I got a pretty big thrill the other day when I found out that my debut novel, Olga Dies Dreaming, has been longlisted for the Brooklyn Public Library Book Prize. The prize is meant to recognize books that celebrate the spirit of Brooklyn, and for this reason, it was one of the best affirmations that a local girl who learned to read in her public library could receive.
A few months ago, I made a list of Brooklyn films that really help you get to know the place, which got me thinking about some great Brooklyn books that, with the Labor Day weekend upon us, you might want to pick up and dive into. These are books that celebrate, to me, the spirit of Brooklyn—not Brooklyn (™) the hyper-developed locale where the hip reside, but Brooklyn, the working-class outer borough where people live. Some are written by natives, others not. And I’m sure I’ve missed some—so please hit me up and tell me which Brooklyn books I’ve left off the list.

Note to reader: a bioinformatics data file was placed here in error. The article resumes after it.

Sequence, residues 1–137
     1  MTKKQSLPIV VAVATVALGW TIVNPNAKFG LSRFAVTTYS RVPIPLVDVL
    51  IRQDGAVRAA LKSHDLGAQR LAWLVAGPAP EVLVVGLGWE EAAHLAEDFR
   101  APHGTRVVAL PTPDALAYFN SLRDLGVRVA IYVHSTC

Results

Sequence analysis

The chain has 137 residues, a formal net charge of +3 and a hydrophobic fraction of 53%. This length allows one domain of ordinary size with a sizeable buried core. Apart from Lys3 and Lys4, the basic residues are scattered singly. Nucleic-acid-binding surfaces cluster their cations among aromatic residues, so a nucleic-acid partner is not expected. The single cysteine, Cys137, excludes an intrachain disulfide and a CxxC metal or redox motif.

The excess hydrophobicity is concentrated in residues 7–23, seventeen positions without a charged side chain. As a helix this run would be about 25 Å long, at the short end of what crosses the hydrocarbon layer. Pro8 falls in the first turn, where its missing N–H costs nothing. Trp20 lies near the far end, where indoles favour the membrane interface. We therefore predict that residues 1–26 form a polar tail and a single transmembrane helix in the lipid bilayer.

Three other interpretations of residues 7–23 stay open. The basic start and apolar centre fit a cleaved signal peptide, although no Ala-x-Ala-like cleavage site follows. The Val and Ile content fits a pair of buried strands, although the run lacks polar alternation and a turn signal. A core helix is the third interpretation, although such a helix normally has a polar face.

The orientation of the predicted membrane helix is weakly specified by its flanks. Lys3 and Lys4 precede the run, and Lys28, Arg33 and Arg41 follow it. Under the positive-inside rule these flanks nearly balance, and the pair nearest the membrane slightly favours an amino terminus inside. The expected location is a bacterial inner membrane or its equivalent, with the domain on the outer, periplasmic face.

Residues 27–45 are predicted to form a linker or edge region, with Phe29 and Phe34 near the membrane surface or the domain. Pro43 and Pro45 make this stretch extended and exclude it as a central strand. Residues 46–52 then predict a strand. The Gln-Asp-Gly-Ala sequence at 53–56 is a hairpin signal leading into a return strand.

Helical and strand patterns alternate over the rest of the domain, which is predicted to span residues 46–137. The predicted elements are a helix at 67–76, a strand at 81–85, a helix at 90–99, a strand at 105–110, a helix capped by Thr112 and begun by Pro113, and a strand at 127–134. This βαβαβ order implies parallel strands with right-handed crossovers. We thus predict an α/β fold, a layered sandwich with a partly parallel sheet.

(And speaking of Labor Day, if you are in Washington, D.C. this holiday weekend, I’ll be at the Library of Congress’s National Book Festival on a panel called “Is Anything Funnier Than Politics?” and will host a book signing after.)
With no further ado, a Brooklyn End-of-Summer Reading List.
Didn’t Nobody Give a Shit What Happened to Carlotta, by James Hannaham: In this brand-new fiction release (hitting bookstores today!) Carlotta Mercedes is back home after 20 years in prison—where, on an all-male cell block, she began her transition to life as a woman—to a much changed Brooklyn. The novel is both hilarious and heartbreaking, with language that reaches for your throat. I don’t want to give too much away here, but with an unforgettable voice, Hannaham takes on gentrification, the prison and parole system, and more.